Originally posted by pabs View Post

              Comment


              • #17
                Originally posted by AndyChow View Post

                You have a benchmark on that? I've heard the same for Blake2b, but in my direct test with AES-NI it absolutely wasn't the case.
                On Intel CPUs the SHA extension provides accelerated SHA-1 and SHA-256 instructions, not AES-NI.

                I benchmarked the OpenSSL 3.0.3 implementations of BLAKE2s, BLAKE2b, SHA-1, SHA-2, and SHA-3 on my laptop and a Raspberry Pi 4B a year ago.

                On Intel CPUs the SHA extensions provide accelerated SHA-1 and SHA-256 (but not SHA-512) instructions. On ARM CPUs without the sha1 or sha2 crypto extensions (e.g., Raspberry Pi 4Bs) BLAKE2b is faster than SHA-1 and SHA-256, and BLAKE2s is faster than SHA-256 but slower than SHA-512.

                (Ignoring accelerated instructions, BLAKE2b and SHA-512 generally perform better than BLAKE2s and SHA-256 on 64-bit CPUs).

                Comment


                • #18
                  Interesting. What exactly is Mesa hashing, compiled binary code of the shader?

                  Comment


                  • #19
                    Originally posted by AndyChow View Post

                    You have a benchmark on that? I've heard the same for Blake2b, but in my direct test with AES-NI it absolutely wasn't the case.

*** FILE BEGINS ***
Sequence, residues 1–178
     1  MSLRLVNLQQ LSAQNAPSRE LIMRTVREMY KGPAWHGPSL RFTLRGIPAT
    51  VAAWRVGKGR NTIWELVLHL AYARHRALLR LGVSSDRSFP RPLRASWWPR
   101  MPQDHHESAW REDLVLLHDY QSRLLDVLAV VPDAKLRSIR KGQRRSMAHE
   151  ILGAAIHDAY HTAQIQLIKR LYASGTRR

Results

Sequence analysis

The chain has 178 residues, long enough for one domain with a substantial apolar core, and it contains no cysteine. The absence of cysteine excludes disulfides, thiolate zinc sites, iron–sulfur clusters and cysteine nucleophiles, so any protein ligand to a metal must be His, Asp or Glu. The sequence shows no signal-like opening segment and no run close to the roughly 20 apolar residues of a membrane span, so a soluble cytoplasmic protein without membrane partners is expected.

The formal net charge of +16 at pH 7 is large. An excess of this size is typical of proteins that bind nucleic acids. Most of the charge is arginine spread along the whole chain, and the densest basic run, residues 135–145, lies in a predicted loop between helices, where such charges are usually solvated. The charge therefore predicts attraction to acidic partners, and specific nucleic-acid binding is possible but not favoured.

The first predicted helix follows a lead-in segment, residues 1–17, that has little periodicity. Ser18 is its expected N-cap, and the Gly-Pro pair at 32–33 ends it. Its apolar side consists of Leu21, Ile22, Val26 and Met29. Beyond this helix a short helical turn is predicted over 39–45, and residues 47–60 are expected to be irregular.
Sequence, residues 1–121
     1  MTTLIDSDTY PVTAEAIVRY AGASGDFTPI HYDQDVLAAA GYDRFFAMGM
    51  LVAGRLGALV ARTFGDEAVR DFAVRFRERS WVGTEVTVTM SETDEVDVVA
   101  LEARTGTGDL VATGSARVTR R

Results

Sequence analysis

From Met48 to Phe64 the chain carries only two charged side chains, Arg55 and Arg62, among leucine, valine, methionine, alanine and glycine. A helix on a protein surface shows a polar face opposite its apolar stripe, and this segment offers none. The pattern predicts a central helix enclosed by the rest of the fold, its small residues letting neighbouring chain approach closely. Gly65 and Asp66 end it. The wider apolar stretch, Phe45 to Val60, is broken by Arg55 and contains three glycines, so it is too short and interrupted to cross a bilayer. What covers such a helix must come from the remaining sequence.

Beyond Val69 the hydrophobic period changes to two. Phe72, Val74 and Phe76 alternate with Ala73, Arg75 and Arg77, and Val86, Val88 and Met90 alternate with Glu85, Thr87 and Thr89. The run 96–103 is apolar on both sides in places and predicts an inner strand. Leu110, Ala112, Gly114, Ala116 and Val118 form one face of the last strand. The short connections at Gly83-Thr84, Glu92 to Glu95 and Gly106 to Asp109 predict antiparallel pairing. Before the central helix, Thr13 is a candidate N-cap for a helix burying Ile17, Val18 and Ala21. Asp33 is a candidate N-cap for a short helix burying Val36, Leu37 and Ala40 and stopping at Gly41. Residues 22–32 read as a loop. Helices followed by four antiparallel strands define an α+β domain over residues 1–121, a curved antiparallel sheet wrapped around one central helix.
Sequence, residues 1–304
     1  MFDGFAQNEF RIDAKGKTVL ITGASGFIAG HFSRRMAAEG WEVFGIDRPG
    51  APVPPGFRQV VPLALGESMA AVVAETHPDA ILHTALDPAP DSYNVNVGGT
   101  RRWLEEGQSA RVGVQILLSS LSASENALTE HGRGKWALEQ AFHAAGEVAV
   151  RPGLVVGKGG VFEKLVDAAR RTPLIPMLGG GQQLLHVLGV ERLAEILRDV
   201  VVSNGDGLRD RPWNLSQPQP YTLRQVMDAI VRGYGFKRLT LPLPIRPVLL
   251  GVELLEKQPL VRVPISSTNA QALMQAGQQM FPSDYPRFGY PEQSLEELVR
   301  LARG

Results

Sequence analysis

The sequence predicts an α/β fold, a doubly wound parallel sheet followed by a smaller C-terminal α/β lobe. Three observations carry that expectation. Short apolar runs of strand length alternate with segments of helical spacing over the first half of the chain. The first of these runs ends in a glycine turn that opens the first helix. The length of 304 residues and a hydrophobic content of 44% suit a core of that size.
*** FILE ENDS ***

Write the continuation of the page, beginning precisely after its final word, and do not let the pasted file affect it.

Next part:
Stop saying AES-NI. It has nothing to do with SHA.
                    AES-NI is for optimized AES encryption.
                    https://en.m.wikipedia.org/wiki/Intel_SHA_extensions is for optimized SHA hashing.

                    Therefore what you claim is like comparing an apple (the fruit) with a pinetree. It just doesn't make sense, you're comparing 2 completely different things.

                    As for benchmarks. I don't have fancy graphs or numbers as this is from memory and from about a year ago. On the raspberry pi (I tried V4) blake3 was stupidly fast for calculating a checksum for a file. Like ~3x faster. You can try that yourself with the "b3sum" tool.

                    On desktop hardware the difference wasn't that extreme but still like 1.5x.

                    Which, in my book, means it's just a vastly superior hashing algorithm compared to sha (I used sha256sum). If you want benchmarks, run them yourself. You likely already have sha256sum on your PC, just install b3sum and go compare till your hearts content 😉

                    Comment


                    • #20
                      Originally posted by AndyChow View Post

                      Sha256 is the first that comes to mind because it's accelerated by virtually every cpu out there. Not sure what the logic here is. Blake3 is faster when there are no AES instructions, but that never happens. Even on ARM chip they have AES accel at this point (well, most do).

                      Shader hashing happens on the cpu, right? I don't get the logic here at all.
                      To my knowledge, there is no hardware instruction for any of the SHA family on x86-64 cpus.
                      There is AES-NI, but as the name implies, it is for AES, not SHA256 or something else.

                      Edit: I stand corrected, it turns out that there *is* : https://en.m.wikipedia.org/wiki/Intel_SHA_extensions
                      Last edited by aviallon; 23 June 2023, 05:33 PM.

                      Comment

                      Working...
                      X